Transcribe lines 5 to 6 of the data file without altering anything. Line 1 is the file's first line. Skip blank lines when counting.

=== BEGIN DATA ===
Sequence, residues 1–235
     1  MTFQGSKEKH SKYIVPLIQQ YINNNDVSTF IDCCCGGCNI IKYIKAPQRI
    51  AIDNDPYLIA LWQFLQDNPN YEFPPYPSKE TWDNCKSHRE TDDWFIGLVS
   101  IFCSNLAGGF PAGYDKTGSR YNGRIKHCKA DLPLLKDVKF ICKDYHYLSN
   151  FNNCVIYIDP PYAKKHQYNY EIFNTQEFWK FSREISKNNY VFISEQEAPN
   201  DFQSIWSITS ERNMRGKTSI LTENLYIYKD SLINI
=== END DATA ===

   151  FNNCVIYIDP PYAKKHQYNY EIFNTQEFWK FSREISKNNY VFISEQEAPN
   201  DFQSIWSITS ERNMRGKTSI LTENLYIYKD SLINI